What to do for Achilles tendon inflammation?

The tendons are described as bands of connective tissues that connect muscles to bones. The Achilles tendon is responsible for connecting the two large-sized muscles in the calf to the bones in the heel. Take note that the heel muscles help with walking as well as allowing the foot to push up from the ground. When it comes to Achilles tendinitis, it is a condition that develops once the Achilles tendon becomes swollen or inflamed.

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What are the types?

There are two types of Achilles tendinitis – non-insertional and insertional. When it comes to non-insertional Achilles tendinitis, it affects the fibers in the central part of the Achilles tendon and the symptoms are usually seen right above the heel area.

With this type Achilles tendinitis, it typically affects young individuals who are active. As for insertional tendinitis, it involves the lower part of the heel where the Achilles tendon physically connects to the heel bone. In addition, this form of Achilles tendinitis can affect individuals of all ages and activity levels.

Causes

Achilles tendon
The usual causes of Achilles tendinitis include overuse of the tendon due to constant movement or severe strain on the muscles by engaging in repetitive physical activity.

The usual causes of Achilles tendinitis include overuse of the tendon due to constant movement or severe strain on the muscles by engaging in repetitive physical activity. Any abnormalities with the anatomy such as flat feet can also contribute to the development of Achilles tendinitis. Among the elderly, they usually develop Achilles tendinitis as a complication of arthritis.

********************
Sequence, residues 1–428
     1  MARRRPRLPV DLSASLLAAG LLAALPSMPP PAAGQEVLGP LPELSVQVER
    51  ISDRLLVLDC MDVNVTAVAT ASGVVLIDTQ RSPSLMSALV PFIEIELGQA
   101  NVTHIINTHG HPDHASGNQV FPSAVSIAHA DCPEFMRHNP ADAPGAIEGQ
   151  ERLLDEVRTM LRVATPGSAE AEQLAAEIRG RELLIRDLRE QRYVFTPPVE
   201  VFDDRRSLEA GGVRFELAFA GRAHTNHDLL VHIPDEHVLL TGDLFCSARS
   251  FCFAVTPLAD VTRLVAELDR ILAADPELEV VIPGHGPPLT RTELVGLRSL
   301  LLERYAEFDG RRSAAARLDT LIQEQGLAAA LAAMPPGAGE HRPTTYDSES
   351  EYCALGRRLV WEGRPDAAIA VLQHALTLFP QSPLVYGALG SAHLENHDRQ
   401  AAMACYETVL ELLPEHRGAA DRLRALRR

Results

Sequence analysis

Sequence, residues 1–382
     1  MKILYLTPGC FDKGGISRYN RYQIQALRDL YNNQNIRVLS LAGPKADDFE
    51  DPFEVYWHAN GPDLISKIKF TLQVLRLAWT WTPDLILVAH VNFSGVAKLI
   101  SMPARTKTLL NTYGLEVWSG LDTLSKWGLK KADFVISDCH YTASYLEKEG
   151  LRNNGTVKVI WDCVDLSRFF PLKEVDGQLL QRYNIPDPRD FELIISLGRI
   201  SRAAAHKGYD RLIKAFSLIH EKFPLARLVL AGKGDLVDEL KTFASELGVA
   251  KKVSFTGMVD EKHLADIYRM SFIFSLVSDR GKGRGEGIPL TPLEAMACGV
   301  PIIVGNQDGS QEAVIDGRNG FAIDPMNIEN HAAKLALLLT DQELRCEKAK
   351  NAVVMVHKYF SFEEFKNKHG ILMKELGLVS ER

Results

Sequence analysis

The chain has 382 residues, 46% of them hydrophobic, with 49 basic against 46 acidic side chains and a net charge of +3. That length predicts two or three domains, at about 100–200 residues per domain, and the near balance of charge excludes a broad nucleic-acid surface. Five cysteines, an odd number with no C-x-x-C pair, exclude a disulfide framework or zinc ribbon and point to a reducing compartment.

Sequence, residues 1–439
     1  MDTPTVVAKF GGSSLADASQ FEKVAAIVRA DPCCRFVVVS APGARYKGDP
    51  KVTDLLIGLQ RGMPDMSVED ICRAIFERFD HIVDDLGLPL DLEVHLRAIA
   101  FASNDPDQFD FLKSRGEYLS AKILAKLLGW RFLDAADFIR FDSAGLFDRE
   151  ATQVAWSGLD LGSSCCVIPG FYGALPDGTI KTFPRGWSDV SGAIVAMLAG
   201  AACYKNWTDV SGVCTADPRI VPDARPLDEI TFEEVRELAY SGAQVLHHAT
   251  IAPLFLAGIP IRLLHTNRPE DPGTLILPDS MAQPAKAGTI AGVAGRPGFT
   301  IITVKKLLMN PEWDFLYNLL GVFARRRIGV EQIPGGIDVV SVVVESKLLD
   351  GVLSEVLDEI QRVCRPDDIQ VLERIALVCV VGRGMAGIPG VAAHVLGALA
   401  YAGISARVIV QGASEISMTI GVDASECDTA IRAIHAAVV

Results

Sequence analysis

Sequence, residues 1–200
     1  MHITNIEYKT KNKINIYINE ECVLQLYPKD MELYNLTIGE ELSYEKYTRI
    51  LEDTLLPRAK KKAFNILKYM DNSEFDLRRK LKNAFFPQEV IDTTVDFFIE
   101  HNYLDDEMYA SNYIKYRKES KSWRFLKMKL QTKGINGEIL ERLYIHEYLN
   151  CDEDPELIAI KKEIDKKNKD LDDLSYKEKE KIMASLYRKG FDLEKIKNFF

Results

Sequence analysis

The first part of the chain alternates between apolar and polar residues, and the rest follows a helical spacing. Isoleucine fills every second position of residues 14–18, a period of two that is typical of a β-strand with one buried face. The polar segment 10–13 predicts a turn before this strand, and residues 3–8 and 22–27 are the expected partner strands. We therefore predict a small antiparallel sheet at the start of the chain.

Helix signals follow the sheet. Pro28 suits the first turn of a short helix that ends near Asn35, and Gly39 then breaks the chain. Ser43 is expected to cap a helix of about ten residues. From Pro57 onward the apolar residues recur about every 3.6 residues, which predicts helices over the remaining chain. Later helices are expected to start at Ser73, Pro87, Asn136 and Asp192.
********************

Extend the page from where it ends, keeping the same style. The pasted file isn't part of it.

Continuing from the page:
Signs and symptoms

Always bear in mind that pain is the initial indication of Achilles tendon inflammation. In most cases, the pain typically starts as minor irritation and gradually worsens as the inflammation intensifies. The stiffness and tenderness often occur along with the pain especially when waking up. Among those who have Achilles tendinitis, they also end up with weakness in the leg muscles.

Treatment

The non-surgical home treatments measures are usually effective in minimizing the inflammation of the Achilles tendon. The self-care measures include resting the affected leg, application of ice, compression using an elastic bandage and elevation of the affected feet higher than the level of the heart.

In case the pain is severe, prescription pain medications can be given to reduce it. In case self-care measures are not effective, corticosteroids might be injected directly into the affected joint. In severe cases, surgery might be required to effectively manage the condition.

Possible complications

Achilles tendon inflammation can often lead to severe conditions such as Achilles tendinosis that is characterized by structural changes in the tendon. In most cases, this weakens the tendon and makes it susceptible to injury. When an individual ends up with a ruptured Achilles tendon, a physical tear can also occur. If an individual ends up with a ruptured tendon, the doctor will surely recommend surgical repair to properly deal with the injury.

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